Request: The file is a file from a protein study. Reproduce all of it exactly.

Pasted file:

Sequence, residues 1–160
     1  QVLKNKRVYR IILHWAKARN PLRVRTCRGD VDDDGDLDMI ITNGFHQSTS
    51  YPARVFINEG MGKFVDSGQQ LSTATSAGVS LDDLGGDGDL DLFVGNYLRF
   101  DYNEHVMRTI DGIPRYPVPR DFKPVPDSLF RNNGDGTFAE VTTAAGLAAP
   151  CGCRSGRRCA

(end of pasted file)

Sequence, residues 1–160
     1  QVLKNKRVYR IILHWAKARN PLRVRTCRGD VDDDGDLDMI ITNGFHQSTS
    51  YPARVFINEG MGKFVDSGQQ LSTATSAGVS LDDLGGDGDL DLFVGNYLRF
   101  DYNEHVMRTI DGIPRYPVPR DFKPVPDSLF RNNGDGTFAE VTTAAGLAAP
   151  CGCRSGRRCA